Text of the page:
- Being surrounded by people your age, in and out of class, allows you to meet people with similar interests. Also, it lets you meet people with different beliefs, ideas, and experiences. You can learn from them and they can learn from you.

- You get to pick and choose what you want to learn for once. I was so happy to focus on topics I liked from high school, and not be forced to take the ones I disliked (for the most part). It's still fun to try new topics, you never know what will stick!

What's hard about college?
- Classes will be much more content heavy than high school, but your brain will adjust to it in a surprisingly fast rate. Don't overburden yourself, see how much you can handle successfully while having a life outside of classes. Don't let a few bad grades disappoint you too much. Professors are much more relaxed than you expect, go to office hours and get to know them!

- You will make your own group of friends (or not). However much you put into it, that is how much you'll get out of it. I know people who felt quite lonely in college and did nothing about it. I also know plenty more people who went out to classes, club events, other activities and made friends. It's what you want from the experience.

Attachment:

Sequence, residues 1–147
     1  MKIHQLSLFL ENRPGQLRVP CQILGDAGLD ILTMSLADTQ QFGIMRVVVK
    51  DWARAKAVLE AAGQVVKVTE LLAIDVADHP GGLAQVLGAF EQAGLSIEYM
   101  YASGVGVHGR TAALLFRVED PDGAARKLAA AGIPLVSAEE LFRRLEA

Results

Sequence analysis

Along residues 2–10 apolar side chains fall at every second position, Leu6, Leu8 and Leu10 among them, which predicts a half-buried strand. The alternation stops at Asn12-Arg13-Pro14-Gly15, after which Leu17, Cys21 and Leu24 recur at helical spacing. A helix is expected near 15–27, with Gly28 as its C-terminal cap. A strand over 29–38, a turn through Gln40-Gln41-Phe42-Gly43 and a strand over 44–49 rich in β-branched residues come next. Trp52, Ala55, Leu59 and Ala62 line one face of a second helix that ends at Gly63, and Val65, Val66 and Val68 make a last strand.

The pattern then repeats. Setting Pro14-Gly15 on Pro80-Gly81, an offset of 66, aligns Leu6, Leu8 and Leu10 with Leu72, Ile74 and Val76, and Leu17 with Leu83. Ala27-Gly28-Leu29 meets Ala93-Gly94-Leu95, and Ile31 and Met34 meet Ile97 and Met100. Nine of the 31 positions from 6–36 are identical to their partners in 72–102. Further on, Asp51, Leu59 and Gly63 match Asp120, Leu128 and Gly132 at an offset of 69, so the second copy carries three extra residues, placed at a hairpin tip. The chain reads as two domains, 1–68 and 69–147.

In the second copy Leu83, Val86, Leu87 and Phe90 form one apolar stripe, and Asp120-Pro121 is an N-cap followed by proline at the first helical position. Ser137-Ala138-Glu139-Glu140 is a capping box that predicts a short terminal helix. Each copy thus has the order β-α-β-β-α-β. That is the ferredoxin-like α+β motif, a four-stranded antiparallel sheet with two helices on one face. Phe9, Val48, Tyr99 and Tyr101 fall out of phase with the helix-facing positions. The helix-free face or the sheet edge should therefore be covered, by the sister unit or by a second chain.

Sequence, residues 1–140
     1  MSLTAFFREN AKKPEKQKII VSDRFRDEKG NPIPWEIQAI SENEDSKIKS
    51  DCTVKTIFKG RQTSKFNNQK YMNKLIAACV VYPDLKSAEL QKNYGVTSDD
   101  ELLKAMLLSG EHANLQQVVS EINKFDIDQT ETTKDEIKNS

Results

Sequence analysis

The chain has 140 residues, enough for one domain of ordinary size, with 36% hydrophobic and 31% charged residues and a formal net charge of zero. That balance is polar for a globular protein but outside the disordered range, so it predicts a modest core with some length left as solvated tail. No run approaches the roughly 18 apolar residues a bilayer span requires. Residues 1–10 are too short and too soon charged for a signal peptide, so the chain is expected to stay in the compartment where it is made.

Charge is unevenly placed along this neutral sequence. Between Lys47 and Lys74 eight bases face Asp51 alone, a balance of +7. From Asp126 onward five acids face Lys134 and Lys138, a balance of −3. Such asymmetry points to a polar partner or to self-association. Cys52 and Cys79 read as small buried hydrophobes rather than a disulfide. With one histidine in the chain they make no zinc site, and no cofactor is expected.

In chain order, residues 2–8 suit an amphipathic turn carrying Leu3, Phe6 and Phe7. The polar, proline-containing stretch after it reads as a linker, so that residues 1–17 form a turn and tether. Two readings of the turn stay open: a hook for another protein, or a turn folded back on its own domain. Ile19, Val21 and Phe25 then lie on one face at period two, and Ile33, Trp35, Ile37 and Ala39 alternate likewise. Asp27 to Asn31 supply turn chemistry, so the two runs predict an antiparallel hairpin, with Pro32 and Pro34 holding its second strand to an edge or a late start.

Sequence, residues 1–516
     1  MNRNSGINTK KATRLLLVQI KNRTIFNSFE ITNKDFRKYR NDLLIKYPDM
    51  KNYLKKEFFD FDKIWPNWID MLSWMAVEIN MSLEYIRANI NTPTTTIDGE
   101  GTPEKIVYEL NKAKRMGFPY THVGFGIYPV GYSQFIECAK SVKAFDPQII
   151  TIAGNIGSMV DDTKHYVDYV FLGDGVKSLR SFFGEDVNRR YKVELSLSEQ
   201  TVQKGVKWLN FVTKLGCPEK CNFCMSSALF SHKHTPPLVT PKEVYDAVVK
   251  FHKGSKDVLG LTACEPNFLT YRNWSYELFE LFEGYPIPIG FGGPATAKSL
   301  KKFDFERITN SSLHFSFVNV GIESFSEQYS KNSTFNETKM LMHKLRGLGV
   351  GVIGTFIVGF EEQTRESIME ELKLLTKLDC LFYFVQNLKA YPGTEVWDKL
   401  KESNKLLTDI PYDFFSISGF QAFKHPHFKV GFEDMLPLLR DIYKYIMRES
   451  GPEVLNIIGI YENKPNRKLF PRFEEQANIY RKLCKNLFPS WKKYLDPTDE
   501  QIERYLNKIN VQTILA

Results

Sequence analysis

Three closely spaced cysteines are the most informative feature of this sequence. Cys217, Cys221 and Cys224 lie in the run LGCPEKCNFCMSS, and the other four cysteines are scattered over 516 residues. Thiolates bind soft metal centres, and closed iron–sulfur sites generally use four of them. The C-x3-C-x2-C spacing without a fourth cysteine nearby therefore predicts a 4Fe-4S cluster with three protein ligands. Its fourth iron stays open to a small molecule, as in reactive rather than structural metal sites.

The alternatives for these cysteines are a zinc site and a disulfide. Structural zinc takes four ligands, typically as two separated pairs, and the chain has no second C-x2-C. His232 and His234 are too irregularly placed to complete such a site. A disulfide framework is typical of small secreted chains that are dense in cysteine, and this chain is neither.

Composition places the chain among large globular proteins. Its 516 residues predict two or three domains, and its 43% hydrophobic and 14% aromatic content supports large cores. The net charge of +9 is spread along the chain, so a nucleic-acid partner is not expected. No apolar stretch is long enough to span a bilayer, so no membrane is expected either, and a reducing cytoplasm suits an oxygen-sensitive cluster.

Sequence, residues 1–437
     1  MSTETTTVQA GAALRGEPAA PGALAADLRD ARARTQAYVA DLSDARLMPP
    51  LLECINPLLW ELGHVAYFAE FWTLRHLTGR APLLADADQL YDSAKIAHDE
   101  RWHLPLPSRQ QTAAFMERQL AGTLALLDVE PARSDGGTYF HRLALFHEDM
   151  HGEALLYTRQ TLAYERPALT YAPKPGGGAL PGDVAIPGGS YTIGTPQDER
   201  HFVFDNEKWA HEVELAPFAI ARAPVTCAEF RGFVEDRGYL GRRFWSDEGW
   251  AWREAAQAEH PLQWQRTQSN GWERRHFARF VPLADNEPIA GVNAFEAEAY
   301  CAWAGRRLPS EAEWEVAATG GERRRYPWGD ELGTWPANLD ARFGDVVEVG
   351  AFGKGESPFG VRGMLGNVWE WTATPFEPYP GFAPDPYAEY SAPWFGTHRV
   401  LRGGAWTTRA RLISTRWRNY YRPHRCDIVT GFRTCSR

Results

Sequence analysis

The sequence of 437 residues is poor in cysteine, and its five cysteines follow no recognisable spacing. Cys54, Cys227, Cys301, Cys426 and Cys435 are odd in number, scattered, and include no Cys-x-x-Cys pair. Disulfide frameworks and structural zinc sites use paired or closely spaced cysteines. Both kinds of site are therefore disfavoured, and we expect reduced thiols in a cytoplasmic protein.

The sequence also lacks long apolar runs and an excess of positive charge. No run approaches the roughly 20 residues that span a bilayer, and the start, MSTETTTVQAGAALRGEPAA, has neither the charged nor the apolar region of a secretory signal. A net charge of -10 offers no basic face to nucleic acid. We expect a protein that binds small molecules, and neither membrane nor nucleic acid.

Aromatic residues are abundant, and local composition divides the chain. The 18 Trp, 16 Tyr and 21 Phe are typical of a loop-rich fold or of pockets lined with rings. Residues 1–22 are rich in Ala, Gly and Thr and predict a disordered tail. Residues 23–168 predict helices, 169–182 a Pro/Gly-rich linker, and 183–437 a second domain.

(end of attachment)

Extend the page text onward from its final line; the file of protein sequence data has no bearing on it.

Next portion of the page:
- Finances. Unless your education/living expenses are fully being paid for, you will have to juggle a job and classes. Time management is difficult, but it's a skill college taught me. I suggest doing work/study programs and becoming an RA (Resident Advisor) to get free housing and salary.

Hope this was helpful!
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Murph,’s Answer

I guess a better question would be, are your dreams and goals leading you on a college path or not? Do you want a job or career? Most jobs don't require a 2 year or 4 year college degree, but it would be helpful. Most careers require a college degree (2 yr or 4 yr, or more) to put you in the field you are looking for. College can be hard if you are not prepared, the college isn't the right fit for you or if you feel like you don't need a college degree to do what you want to do in your life. If you are still in school speak to a career counselor or go to a career services center to get more guidance.
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Jerome’s Answer